After successfully testing a long-range underwater communications system that worked under Arctic Ocean ice, an engineering team at Woods Hole Oceanographic Institution (WHOI) adapted it for a very different environment—the tropics—and for a different purpose—to provide warnings of impending tsunamis. While the Arctic sound-signaling system lets researchers communicate with robotic vehicles operating beneath sea ice, the tropical system, tested in 2016 off Indonesia, is designed to relay signals “from an undersea sensor network to shore, where they can be used to estimate the level of the potential tsunami,” said Lee Freitag, the WHOI engineer who led the project.
The tsunami of 2011 is well remembered in Japan. Some towns have recovered, while others struggle to return to a life that once was. The same is true for ecosystems. In a new study in PLOS ONE, Japanese researchers report how the sea life in different coastal regions of Japan struck by the tsunami have flourished or faltered. "We watched in real time an ecosystem recover from a large natural disaster," said Reiji Masuda, who directs the Maizuru Fisheries Research Station at Kyoto University and led the study. "We could observe how species recovered and whether any invading species could thrive."
What may be the largest exposed fault on Earth has been seen and documented by scientists for the first time. The 'Banda Detachment' fault in eastern Indonesia would explain a 7.2km (4.4 mile) deep abyss under the Banda Sea, which until now has remained a mystery to geologists. This area where the fault was found sits in the Ring of Fire, an area in the basin of the Pacific ocean where many volcanic eruptions and earthquakes occur. Sitting under the Banda Sea is the Weber Deep – the deepest point in our planet's ocean that does not sit in a trench.
Seismologists in Japan have tracked, for the first time, a particular type of tiny vibration that wobbled through the Earth from the Atlantic seafloor. It was started by a "weather bomb": the same low-pressure storm, off Greenland, which made UK headlines in late 2014.
Researchers who analyzed a history of tsunamis along the Pacific coast of Japan's Tohoku region have learned that seawalls higher than 5 meters reduce damage and death, while coastal forests also play an important role in protecting the public.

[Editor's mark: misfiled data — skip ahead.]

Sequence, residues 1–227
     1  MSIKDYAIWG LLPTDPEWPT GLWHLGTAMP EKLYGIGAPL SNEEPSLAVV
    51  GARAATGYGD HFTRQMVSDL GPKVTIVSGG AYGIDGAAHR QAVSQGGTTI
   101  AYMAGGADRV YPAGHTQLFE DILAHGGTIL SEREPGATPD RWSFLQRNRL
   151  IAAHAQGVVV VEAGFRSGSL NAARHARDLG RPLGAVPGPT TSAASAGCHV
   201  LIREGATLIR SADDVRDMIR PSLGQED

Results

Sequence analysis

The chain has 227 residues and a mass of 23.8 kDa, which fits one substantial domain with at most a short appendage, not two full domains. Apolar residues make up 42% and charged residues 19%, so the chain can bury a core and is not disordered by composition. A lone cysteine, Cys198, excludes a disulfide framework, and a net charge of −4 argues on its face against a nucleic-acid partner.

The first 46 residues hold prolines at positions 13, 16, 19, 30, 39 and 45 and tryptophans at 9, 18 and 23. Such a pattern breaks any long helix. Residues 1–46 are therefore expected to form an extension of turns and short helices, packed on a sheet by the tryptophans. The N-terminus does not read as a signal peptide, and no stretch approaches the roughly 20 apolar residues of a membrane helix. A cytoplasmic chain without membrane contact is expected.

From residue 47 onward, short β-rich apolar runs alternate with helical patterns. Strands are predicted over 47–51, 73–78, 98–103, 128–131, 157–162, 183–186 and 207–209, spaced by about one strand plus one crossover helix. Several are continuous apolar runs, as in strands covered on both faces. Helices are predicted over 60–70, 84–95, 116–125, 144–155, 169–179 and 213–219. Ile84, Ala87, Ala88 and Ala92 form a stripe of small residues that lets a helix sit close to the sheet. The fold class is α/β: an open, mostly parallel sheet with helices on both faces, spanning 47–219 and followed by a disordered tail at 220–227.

When Greenland's melting glaciers lose large chunks of ice, it's a violent process. Last year, for instance, scientists documented that gigantic glacial earthquakes are triggered by the rolling and tumbling of billion-ton icebergs as they break away and hit the glaciers to which they once belonged – hard
Very little is known about ocean currents and generally about dynamics in the oceans. But radioactivity released into the Pacific by the Fukushima nuclear accident, which was quickly diluted to harmless levels, has allowed scientists to trace the ocean’s currents.
Scientists have developed the Time Reverse Imaging Method to take real-time data from the ocean sensors and use that information to recreate what the tsunami looked like when it was born. Once scientists have the tsunami source pinpointed, they can use it to make better predictions about what will happen once the waves reach shore. This new method is fast enough to compete with existing algorithms but much more accurate.
After an earthquake, less than 20% of the carbon in the water from plants and soil had been released through oxidation before being carried away by the river. Thus, they estimate that most of the 14 megatonnes of carbon that was probably released by the earthquake ended up being stored away.
Japan's lead in implementing sea defence improvements to guard against future disasters is an important reference point for other tsunami-prone nations, a study led by Plymouth University has suggested.